Motley did not return numerous calls for comment.
LL reached Barry recently and asked why his car is registered to Motley. His reply: “Goodbye.” Dial tone. His attorney, Fred Cooke, was not aware of the arrangement when asked about it Tuesday.
The automobile question isn’t the only one about Motley’s fitness for public office. The Bennett Report is rife with instances of bad behavior involving Motley.
When the Ward 8 “councils” were first incorporated, it was Motley who paid for the corporate registration process—by withdrawing money from the Marion Barry Scholarship Fund, money meant for needy kids. Motley told investigators he did so of his own volition, but a Barry aide, according to the report, said it was done under Barry’s orders—raising the prospect that Motley was covering for Barry.
As noted above, Barry-directed earmarks were a key source of income for Motley.
Of the $54,000 that Motley received from the “councils,” $39,000 reimbursed the Barry associate for serving as executive director of nonprofits named Inner Thoughts and Jobs Coalition.
Motley got another $14,500 through another earmark recipient, a group called the National Association of Former Foster Care Children of America (NAFFCCA). Motley had no direct connection to the group, but because the NAFFCCA didn’t meet the council’s minimal rules for receiving earmarked funds, it needed a “fiscal agent”—a third-party group to oversee the group’s spending. That group was Inner Thoughts—and the money that the NAFFCCA paid as fees for serving as a fiscal agent went directly into Motley’s personal bank account.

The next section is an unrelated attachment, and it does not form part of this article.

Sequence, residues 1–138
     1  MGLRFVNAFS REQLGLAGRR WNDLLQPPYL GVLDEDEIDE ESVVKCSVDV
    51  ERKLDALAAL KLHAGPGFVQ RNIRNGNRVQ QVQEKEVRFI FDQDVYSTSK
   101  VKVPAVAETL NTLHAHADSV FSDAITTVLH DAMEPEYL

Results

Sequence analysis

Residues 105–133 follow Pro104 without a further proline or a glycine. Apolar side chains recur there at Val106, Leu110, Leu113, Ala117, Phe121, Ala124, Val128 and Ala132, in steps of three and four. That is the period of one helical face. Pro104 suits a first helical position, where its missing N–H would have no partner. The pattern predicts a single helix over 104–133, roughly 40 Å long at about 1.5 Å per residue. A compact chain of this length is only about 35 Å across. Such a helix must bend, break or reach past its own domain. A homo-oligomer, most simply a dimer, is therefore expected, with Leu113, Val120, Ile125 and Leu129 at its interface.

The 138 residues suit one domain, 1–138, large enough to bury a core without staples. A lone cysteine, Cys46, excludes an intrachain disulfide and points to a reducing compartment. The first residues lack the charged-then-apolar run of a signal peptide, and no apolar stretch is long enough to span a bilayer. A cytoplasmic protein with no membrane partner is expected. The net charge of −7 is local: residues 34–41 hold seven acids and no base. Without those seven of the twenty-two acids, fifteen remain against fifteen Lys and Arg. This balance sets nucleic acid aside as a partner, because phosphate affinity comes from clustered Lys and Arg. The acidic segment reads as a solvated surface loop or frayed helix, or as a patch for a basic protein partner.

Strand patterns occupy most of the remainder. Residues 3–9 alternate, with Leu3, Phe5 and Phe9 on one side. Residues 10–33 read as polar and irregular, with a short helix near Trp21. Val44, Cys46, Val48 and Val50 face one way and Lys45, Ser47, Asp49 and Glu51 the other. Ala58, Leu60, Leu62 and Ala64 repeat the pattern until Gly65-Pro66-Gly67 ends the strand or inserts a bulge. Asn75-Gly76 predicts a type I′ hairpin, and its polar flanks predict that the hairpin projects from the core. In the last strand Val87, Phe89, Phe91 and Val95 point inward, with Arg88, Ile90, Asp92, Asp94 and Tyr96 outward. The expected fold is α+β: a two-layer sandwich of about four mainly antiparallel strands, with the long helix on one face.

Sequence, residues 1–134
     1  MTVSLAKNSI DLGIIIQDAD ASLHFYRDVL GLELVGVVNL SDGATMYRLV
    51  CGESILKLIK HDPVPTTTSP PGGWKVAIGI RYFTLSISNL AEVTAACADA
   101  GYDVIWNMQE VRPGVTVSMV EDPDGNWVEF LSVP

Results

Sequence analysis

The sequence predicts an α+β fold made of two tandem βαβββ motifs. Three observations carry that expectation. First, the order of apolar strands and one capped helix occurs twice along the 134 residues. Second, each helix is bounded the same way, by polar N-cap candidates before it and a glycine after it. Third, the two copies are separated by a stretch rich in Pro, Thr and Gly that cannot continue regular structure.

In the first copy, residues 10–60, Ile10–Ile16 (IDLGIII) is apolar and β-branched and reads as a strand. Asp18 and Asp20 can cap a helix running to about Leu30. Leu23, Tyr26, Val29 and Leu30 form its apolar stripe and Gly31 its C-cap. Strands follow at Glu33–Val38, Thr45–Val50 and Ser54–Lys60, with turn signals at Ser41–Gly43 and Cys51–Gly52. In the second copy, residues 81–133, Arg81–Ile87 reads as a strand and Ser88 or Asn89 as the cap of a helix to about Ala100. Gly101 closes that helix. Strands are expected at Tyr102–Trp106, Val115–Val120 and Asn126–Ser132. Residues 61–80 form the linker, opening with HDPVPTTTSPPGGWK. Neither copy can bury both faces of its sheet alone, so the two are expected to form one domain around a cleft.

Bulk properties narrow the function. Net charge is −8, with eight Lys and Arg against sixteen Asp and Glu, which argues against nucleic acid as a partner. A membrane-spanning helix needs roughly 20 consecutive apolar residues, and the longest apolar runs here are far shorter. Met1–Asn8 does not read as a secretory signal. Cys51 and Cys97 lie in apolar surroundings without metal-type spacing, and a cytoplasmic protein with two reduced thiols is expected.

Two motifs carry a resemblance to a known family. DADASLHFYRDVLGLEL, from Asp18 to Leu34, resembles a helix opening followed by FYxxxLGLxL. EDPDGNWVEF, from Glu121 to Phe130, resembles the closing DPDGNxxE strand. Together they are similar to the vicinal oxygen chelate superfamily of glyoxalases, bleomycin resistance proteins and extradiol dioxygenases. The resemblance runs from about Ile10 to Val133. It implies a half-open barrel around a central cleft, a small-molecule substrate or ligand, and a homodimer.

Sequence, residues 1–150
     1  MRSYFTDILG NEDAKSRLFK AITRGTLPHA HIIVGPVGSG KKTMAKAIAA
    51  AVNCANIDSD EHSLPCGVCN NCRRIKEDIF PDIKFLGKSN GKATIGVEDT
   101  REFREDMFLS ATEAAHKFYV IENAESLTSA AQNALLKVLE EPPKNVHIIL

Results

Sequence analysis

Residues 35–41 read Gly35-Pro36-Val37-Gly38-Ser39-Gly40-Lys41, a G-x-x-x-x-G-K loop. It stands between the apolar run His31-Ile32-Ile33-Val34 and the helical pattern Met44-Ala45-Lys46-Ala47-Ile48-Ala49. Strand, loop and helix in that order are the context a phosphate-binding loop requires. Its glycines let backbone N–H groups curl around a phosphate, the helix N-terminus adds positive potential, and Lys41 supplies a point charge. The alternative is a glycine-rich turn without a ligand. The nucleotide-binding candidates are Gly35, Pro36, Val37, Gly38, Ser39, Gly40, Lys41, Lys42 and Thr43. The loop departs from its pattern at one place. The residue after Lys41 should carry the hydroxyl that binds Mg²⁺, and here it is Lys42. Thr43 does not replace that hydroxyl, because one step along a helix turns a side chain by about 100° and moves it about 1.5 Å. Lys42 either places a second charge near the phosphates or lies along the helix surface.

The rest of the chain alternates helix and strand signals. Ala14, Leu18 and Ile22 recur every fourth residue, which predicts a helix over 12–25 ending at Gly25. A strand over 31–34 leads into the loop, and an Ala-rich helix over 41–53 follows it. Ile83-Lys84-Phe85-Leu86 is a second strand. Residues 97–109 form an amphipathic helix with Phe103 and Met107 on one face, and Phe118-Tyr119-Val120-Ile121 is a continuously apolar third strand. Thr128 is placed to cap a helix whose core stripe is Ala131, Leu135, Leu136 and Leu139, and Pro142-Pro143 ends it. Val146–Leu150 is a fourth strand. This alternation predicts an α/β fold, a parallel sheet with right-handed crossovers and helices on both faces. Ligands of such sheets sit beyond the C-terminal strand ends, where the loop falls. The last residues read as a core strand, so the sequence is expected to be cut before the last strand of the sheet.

Here’s what Bennett got by way of explanation: “Rev. Motley said the fee went towards his administrative efforts, and he estimated he spent between four and six hours each month on matters related to NAFFCCA.” That works out to at least $202 per hour—not a bad rate.
Investigators also “identified numerous irregularities with regard to the earmark grantees with which Rev. Motley was associated.” For one, there’s “substantial evidence that Rev. Motley treated earmark funds from all three grantees, including those of the bankrupt NAFFCCA, as one pool of money.” That means, for instance, that NAFFCCA earmark checks went into the Inner Thoughts bank account. The funds were then used to pay NAFFCCA expenses to both Jobs Coalition and Inner Thoughts—$48,000 worth. Some of those expenses were paid without the approval of the NAFFCCA board.
The report calls this an “apparent breach of fiduciary duty and self-dealing.”
Motley explained to investigators that he thought “Inner Thoughts was entitled to retain grant funds awarded to NAFFCCA so long as Inner Thoughts performed work that was related to the purpose of the NAFFCCA grant.”
And here’s another gem: “Motley admitted that he manufactured supporting documentation for certain grantee expenses—in some instances, after receiving [the Bennett team’s] document subpoena”—including backdated employee timecards and a lease with a fictitious landlord.
In an interview aired last Wednesday, Motley told WJLA-TV’s Sam Ford, “These are legitimate entities that were established to provide services to the citizens of Ward 8.